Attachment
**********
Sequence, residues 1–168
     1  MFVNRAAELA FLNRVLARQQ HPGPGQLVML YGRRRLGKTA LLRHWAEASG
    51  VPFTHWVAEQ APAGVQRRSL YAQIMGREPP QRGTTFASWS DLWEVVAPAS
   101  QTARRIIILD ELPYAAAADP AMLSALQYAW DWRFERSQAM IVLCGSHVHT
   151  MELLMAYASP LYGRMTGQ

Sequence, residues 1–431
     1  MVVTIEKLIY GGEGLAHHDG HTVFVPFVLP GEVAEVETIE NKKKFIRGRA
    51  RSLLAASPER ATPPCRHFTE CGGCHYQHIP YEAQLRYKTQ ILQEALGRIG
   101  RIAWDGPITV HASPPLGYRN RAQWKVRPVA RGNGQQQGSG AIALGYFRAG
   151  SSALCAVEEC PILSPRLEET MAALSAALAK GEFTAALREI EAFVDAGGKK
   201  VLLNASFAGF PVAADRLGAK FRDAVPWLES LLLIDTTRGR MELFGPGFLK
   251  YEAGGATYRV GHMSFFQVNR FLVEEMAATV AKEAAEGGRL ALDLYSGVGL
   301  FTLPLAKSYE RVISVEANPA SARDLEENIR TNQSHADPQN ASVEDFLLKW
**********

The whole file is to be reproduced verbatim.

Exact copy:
Sequence, residues 1–168
     1  MFVNRAAELA FLNRVLARQQ HPGPGQLVML YGRRRLGKTA LLRHWAEASG
    51  VPFTHWVAEQ APAGVQRRSL YAQIMGREPP QRGTTFASWS DLWEVVAPAS
   101  QTARRIIILD ELPYAAAADP AMLSALQYAW DWRFERSQAM IVLCGSHVHT
   151  MELLMAYASP LYGRMTGQ

Sequence, residues 1–431
     1  MVVTIEKLIY GGEGLAHHDG HTVFVPFVLP GEVAEVETIE NKKKFIRGRA
    51  RSLLAASPER ATPPCRHFTE CGGCHYQHIP YEAQLRYKTQ ILQEALGRIG
   101  RIAWDGPITV HASPPLGYRN RAQWKVRPVA RGNGQQQGSG AIALGYFRAG
   151  SSALCAVEEC PILSPRLEET MAALSAALAK GEFTAALREI EAFVDAGGKK
   201  VLLNASFAGF PVAADRLGAK FRDAVPWLES LLLIDTTRGR MELFGPGFLK
   251  YEAGGATYRV GHMSFFQVNR FLVEEMAATV AKEAAEGGRL ALDLYSGVGL
   301  FTLPLAKSYE RVISVEANPA SARDLEENIR TNQSHADPQN ASVEDFLLKW